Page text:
Mean-Variance Analysis Assumptions

Mean-variance analysis gives investors a framework to assess the tradeoff between risk and return as mean-variance analysis quantifies the relationship between expected return and portfolio variance (or standard deviation).

Mean-variance analysis is the theoretical foundation of Modern Portfolio Theory established by Professor Harry Markowitz and much of the material covered in this module traces its roots concept.

Mean-Variance Assumptions

The assumptions underlying the mean-variance analysis are summarized below:

  • Investors are risk averse in that they prefer higher return for a given level of risk (variance, standard deviation), or they want to minimize risk for a given level of returns. The degree of risk aversion may vary from investor to investor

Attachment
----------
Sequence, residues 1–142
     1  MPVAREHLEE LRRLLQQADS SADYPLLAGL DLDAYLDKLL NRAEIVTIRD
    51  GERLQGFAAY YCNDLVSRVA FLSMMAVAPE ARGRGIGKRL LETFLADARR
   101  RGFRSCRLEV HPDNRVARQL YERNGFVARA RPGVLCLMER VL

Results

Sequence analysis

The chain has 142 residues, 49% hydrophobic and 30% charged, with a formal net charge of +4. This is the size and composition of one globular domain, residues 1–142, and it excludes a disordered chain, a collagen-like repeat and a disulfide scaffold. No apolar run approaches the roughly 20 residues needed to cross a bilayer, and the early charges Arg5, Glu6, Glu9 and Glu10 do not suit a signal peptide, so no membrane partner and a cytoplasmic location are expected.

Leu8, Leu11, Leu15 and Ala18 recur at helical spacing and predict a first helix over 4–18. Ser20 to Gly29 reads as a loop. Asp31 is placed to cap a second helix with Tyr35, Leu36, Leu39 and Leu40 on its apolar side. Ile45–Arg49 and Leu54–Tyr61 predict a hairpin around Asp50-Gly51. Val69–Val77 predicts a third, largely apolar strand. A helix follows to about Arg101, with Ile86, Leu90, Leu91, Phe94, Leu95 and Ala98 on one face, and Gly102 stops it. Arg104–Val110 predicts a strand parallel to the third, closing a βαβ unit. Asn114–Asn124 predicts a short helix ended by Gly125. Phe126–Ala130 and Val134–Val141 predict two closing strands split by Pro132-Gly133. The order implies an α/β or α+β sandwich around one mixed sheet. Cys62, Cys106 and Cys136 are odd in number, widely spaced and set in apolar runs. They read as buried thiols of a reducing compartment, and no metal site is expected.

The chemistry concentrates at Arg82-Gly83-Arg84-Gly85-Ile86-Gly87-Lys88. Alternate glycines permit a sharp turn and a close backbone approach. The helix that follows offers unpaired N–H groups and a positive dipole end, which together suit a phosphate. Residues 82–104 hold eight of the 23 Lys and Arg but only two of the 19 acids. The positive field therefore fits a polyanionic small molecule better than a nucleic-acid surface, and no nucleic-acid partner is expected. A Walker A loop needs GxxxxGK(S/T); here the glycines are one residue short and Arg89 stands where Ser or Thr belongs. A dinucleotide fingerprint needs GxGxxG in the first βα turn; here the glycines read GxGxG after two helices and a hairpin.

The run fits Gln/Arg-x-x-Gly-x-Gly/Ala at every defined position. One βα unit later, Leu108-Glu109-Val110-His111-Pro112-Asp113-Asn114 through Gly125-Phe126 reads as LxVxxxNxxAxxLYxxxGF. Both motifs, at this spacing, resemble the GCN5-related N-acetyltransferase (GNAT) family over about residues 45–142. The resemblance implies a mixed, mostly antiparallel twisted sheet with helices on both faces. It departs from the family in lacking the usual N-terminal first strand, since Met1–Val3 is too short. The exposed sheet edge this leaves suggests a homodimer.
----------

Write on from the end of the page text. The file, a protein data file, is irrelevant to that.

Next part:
• Example: An investor is presented with two portfolios:

  • Portfolio A offers 12% annual return with 25% standard deviation;

  • Portfolio B offers 12% annual return with 20% standard deviation;

  • A risk averse investor will choose portfolio B.

  • Expected returns, variances, and covariances for all assets are known by all investors.

  • Investment returns are normally distributed so only returns, variances, and covariances are needed to derive the optimal portfolio.

  • There are no transaction costs and no taxes. So, before-tax and after-tax returns are the same making all investors equal.

The mean-variance analysis is used to identify optimal/efficient portfolios.